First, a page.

Improve your bottom line
Following key tax tips can put you on the road to financial freedom.
Following key tax tips can put you on the road to financial freedom.
Mother Goose always said, “It’s not what you make, it’s what you keep after taxes.” This wisdom is more timely than ever with the complicated, ever-changing tax code.
Before looking at some high-impact tax tips, it’s important that you keep in mind the bigger purpose of tax planning, which is to advance your overall progress toward financial freedom. Many dentists treat tax planning as an end in itself. If saving taxes doesn’t advance your financial freedom goal, then it is a pointless exercise. So, take your spouse on that continuing education trip to Hawaii. Just don’t expect the big deduction to help you retire!
With that said, here are the latest tax tips to improve your bottom line.
In 2006, the fully-phased-in 401(k) deduction is finally available. Your spouse and you can contribute $15,000 each, plus a $5,000 catch-up contribution, to your practice’s 401(k) plan for those age 50 or older. These deferral contributions, unlike the practice’s profit sharing payments, must be made on or before Dec. 31, 2006. Your spouse cannot receive benefits in another plan at another job to be able to participate in your plan.
Also, in 2006, the maximum allowable retirement contributions in a defined contribution plan are $44,000 per participant. If you are 50 years or older and employ your spouse in your practice, you could contribute as much as $44,000, plus $5,000 for yourself, plus $15,000, plus $5,000 for your spouse for a total of $69,000. Besides this, you could contribute any additional profit-sharing for your spouse. Of course, your income needs to be large enough to meet the requirements. Prior to the recent changes in the 401(k) rules, it did not make sense to employ a spouse because of the increased payroll taxes. However, with the ability to fund 100 percent of pay for the spouse’s 401(k), this has changed. Be careful that your spouse meets all requirements to participate, such as the 1,000 hour-per-year requirement.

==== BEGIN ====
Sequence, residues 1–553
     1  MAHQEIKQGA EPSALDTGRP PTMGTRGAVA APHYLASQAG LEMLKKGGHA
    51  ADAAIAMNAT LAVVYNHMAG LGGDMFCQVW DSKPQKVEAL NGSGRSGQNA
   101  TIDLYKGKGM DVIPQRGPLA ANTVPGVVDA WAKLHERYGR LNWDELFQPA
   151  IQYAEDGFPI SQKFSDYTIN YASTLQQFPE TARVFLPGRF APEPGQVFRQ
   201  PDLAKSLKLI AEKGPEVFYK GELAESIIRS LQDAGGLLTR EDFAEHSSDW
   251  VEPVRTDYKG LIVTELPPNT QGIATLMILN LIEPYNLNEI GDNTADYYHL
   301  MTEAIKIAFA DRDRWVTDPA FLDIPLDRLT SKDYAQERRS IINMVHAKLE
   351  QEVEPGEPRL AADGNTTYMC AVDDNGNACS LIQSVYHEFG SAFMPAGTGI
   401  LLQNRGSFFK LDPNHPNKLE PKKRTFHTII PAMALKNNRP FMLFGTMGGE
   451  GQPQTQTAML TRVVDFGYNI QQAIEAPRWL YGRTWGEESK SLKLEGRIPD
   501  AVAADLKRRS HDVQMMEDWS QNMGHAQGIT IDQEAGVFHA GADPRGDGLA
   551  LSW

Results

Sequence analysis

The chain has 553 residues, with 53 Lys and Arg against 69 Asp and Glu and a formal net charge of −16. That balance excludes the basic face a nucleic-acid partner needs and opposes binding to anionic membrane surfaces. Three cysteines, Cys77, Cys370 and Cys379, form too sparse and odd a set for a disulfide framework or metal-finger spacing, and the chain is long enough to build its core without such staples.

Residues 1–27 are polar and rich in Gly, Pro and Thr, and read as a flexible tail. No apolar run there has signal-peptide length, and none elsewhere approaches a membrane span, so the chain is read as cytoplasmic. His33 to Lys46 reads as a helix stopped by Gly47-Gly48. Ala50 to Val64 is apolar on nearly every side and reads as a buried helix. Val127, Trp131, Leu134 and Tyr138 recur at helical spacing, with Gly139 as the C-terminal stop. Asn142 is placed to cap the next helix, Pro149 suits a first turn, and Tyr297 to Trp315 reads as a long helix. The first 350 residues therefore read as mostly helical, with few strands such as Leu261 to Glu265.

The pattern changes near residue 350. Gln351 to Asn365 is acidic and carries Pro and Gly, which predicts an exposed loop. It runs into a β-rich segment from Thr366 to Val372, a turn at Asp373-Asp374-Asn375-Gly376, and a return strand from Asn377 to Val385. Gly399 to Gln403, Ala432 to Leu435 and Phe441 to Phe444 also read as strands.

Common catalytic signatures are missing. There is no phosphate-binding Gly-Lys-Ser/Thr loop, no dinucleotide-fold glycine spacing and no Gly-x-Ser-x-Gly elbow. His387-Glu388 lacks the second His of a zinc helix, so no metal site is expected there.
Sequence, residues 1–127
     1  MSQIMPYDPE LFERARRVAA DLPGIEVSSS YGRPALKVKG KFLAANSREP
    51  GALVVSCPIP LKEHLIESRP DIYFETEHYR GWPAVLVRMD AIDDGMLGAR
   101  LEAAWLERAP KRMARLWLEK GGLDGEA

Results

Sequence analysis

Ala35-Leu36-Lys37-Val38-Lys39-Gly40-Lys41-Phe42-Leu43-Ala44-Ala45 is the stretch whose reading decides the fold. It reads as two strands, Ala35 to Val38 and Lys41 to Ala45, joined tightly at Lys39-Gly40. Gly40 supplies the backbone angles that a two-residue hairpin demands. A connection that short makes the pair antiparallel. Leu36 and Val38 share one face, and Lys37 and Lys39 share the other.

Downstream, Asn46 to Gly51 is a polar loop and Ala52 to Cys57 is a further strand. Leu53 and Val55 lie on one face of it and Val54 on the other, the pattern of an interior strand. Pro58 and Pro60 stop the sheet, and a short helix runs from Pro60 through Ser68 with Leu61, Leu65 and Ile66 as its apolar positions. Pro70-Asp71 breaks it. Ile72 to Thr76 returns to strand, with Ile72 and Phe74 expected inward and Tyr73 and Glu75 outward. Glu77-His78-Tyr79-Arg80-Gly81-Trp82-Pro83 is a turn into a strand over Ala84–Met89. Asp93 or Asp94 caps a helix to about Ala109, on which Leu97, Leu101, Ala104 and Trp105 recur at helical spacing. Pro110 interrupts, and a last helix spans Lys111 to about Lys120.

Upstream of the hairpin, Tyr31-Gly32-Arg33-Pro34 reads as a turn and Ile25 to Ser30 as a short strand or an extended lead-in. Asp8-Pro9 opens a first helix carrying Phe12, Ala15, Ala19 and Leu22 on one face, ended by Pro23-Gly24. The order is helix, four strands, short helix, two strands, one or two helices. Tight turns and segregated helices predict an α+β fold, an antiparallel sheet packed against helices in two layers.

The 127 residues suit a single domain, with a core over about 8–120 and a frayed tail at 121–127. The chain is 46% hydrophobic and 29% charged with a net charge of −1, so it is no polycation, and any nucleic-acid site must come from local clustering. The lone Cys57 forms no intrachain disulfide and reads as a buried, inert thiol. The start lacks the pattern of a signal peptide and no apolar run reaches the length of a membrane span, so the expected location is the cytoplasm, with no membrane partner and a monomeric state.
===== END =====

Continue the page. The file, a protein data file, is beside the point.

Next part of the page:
The hot topic in 2006 is whether you should add a Roth 401(k) option to your retirement plan. Beginning this year, you have the option to contribute salary deferrals into tax-free Roth 401(k) accounts. Unlike regular 401(k) deferrals, the Roth deferrals are not tax deductible but accumulate tax free. Normally, high-income dentists are unable to contribute to Roth IRAs if their adjusted gross income (AGI) exceeds $160,000. These income limitations do not apply to the Roth 401(k). The Roth 401(k) option is not automatic. Your plan must be formally amended to add it.
Should you add this feature? In general, when we run the numbers on regular 401(k) vs. Roth 401(k), we find that the Roth 401(k) works best for younger, lower tax-bracket employees. Typically, the higher bracket doctor and spouse benefit more from regular deductible 401(k) contributions even if their tax bracket is the same or higher in retirement. Have your CPA run the numbers for you.
Advanced retirement planning